What will my customers buy tomorrow? Taking the place of experience and gut feeling, IT solutions have long been a reliable predictor of future demand for goods based on a solid scientific foundation. One of the leading providers is software company Blue Yonder based in Karlsruhe, Germany.
How many strawberries will we sell on Friday? How many employees do I need in the next few days? For such predictions, most retail and logistics today still rely on a rather simple method: They primarily count on experience, belief and a little bit of gut instinct. But a change of thinking is gradually setting in. The magic word are big data. After all, data generated on a daily basis can indicate more than a positive correlation between summer temperatures and drink sales.
Blue Yonder provides an appropriate system for scientifically evaluating this data, and the company is taking a leading role within Germany in this context. Dr. Michael Feindt, who founded the company in 2008: “Even better predicting the next day or the next week can already bring substantial profit optimization for retailers and the entire supply chain.”
Scientifically analyzing complex systems
Before starting the Karlsruhe-based company, Feindt had worked in the European Organization for Nuclear Research, CERN, in Geneva. In 1997, he started working as a physics professor at the Karlsruhe Institute for Technology (KIT), where he is currently exempt from teaching obligations. According to Feindt, his primary scientific focus on elementary particles physics before founding Blue Yonder bears astonishing parallels to other complex systems such as can be found in business.
Michael Feindt: “As with weather forecasts, we can only make probability statements. But to stay with the metaphor: In many areas of business, ordering decisions continue to be made based on qualitative methods equivalent to Farmers’ Almanac weather forecasts and are not based on scientific methodology of modern weather forecasts. In this regard, even slightly better predictions can have a large, positive impact on the efficiency of many business processes.”
Innovations also must overcome resistance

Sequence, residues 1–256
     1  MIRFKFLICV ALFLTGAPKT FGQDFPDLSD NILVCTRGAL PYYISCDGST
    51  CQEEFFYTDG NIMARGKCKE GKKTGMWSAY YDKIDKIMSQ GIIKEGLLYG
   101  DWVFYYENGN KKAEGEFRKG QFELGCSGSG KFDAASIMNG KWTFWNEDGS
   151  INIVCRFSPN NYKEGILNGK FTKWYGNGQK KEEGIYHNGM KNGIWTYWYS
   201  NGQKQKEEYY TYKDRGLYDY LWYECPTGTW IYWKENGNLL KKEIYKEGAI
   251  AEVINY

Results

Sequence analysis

Sales history provides the basis for the respective retail calculations (i.e., data that is readily available in every company). Based on a mathematical method, an algorithm takes this data and calculates which sales are expected under certain conditions. However, NeuroBayes, the algorithm applied by Blue Yonder, does not always follow the once-established pattern. The futuristic formula is actually capable of learning and automatically searches for corresponding correlations.
The program itself handles information about holidays or the weather. However, at the beginning, a lot of information is also manually entered, such as when a bus stop is moved, or a competitor starts a price promotion.
Integrating all aspects of the value chain is important in order to tap into the full potential of the mathematical prediction models. In this respect, Blue Yonder employees often work to convince their customers. For example, some buyers are afraid of having their freedom of choice limited. However, machine learning algorithms actually do offer scientific decision support, and the final decision (i.e., initiating the order process) can still rest with a buyer. But many retailers today are already starting to take it further, automating the entire process in order to make processes more efficient and profitable.
Example of returns management
Much of the optimization potential in logistics exists primarily in returns, which constitute an important cost factor for today’s online retailers. Apart from algorithmic fine-tuning, sometimes simple tools can already help. Michael Feindt: “The likelihood of return can often be significantly reduced by directly addressing the customer. For example, if two identical articles of clothing are ordered in different sizes and the customer is told that this product’s sizes are very standard, the customer usually decides not to order the second size. It is also helpful to appeal to the ecological sensibilities of the purchaser. Reasonable prices and realistic data about delivery times also reduce the rate of returns.”